Hope (and a Little Mascara)

2015-08-09 17.33.00Today I wore makeup for the first time since before the fire. Not a lot, but mascara and some powder foundation. That might not mean much to some people but for women like me it reveals everything you need to know about where I am in the grieving process and life in general.

Nearly three months have passed.

Three months.

Sometimes it feels more like three days; other times more like three years. The pain is often as fresh as three hours while the fog occasionally mimics the safe illusion of three lifetimes.

May was busy, as usual, with finals, proms, high school and college graduations, schedule changes, employee launches, and summer camp preparation.  Excitement about our Memorial Day trail run and five upcoming summer camps filled my days. The Kitten Pit proved a huge success with seven adoptions the very first weekend of the new program. Business was great, continuing its steady, record setting growth and our staffing was as good as it’s ever been. 27 years of hard work was paying off and many, many of us from the Lawrence area were enjoying Pet World’s success.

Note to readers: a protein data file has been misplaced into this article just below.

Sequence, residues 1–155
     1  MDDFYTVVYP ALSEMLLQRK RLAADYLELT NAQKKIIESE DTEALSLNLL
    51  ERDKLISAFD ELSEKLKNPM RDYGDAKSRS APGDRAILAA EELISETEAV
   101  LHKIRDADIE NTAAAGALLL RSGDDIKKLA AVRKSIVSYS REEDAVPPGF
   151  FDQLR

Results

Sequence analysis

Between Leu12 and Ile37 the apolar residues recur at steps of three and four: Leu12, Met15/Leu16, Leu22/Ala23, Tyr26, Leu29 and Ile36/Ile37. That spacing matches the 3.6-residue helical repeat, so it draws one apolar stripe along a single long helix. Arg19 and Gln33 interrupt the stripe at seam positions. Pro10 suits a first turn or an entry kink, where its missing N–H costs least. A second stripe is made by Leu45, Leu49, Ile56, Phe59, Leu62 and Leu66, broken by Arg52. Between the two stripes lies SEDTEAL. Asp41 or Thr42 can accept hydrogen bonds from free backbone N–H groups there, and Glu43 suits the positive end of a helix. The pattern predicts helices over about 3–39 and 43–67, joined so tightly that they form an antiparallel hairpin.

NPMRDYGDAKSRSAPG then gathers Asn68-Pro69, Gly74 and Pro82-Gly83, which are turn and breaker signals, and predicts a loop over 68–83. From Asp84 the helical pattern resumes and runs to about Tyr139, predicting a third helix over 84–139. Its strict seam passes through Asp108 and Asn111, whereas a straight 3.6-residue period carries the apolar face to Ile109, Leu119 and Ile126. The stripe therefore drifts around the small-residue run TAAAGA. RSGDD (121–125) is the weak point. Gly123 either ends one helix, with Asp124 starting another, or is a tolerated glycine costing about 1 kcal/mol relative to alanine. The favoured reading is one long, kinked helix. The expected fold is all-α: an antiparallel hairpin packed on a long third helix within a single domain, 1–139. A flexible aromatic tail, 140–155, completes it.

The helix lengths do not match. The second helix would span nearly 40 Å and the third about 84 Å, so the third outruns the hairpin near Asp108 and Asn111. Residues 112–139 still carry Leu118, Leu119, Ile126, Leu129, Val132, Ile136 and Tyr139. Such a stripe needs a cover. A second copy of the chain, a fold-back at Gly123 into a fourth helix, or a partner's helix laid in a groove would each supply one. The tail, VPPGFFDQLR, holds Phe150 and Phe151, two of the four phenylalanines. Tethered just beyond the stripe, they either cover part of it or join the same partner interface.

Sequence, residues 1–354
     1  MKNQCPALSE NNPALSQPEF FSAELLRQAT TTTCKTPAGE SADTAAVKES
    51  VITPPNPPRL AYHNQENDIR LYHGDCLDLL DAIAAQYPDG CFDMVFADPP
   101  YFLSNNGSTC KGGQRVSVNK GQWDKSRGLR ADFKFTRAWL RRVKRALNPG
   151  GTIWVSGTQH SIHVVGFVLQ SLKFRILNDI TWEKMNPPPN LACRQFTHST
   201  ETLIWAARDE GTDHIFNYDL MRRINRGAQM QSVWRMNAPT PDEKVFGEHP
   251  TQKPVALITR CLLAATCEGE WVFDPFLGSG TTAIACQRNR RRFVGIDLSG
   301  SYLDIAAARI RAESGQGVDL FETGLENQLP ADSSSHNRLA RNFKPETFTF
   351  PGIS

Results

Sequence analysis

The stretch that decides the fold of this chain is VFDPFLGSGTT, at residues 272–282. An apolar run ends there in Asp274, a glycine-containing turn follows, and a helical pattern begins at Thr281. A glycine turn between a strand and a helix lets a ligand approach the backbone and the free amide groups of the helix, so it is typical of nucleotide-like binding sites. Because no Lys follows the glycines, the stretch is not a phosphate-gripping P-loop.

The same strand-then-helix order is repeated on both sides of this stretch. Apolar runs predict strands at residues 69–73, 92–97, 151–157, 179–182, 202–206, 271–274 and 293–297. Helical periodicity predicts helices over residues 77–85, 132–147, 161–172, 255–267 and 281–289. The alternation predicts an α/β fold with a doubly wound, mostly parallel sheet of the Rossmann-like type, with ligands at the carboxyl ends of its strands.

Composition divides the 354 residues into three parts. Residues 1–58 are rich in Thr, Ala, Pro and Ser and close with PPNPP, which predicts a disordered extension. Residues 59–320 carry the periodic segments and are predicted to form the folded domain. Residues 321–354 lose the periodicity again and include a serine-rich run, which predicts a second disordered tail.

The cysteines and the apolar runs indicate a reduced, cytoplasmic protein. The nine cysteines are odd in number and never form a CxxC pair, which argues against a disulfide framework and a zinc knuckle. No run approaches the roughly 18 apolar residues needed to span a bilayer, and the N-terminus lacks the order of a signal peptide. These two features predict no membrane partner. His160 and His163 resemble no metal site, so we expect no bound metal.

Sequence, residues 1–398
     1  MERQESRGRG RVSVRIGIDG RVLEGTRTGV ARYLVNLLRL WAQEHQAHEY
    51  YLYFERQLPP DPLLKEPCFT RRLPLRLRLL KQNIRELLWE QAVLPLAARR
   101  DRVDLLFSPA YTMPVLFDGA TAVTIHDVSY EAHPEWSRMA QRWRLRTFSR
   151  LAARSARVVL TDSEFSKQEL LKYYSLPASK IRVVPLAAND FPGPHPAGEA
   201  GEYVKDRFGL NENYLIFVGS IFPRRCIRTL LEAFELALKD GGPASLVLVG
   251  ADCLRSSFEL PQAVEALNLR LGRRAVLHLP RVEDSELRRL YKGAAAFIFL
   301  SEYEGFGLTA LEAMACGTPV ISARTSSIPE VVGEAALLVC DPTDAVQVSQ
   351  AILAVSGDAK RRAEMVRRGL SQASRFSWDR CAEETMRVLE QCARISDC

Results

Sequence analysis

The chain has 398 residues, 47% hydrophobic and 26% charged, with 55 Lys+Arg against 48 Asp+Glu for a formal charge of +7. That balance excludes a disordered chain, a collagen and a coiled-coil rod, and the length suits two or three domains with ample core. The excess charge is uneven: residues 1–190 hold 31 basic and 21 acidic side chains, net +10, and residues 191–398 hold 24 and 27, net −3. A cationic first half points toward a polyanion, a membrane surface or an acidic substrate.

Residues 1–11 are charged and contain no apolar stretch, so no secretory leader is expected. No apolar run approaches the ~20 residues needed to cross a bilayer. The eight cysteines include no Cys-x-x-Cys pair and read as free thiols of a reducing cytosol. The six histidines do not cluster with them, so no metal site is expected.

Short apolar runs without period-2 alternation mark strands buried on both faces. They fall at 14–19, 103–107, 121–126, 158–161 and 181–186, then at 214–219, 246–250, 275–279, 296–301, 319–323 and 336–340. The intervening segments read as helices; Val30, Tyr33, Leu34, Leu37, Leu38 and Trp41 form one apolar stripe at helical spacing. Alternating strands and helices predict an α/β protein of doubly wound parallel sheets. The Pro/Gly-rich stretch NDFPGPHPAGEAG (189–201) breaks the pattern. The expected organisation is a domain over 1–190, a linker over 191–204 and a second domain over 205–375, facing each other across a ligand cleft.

And then my phone rang. Two hours into the event, I was getting more PW5K tee shirts out of the back of our car when I heard Tim’s phone ring first, reverberating in the cup holder. I remember thinking, “Who would be calling right now?” It seemed like all the folks who call us had either just left or were at the tortoise farm with us and most were on the trails running or drinking post race PBRs. Service is terrible at the property, too, but I had parked in a high spot to avoid the mud, a spot that apparently has decent reception – not that I had any intention of using my phone. Nor did anyone else since many of them were tossed in my car for safekeeping. No sooner had Tim’s phone stopped ringing than my phone started, and then other phones started ringing. At that point I decided I better answer.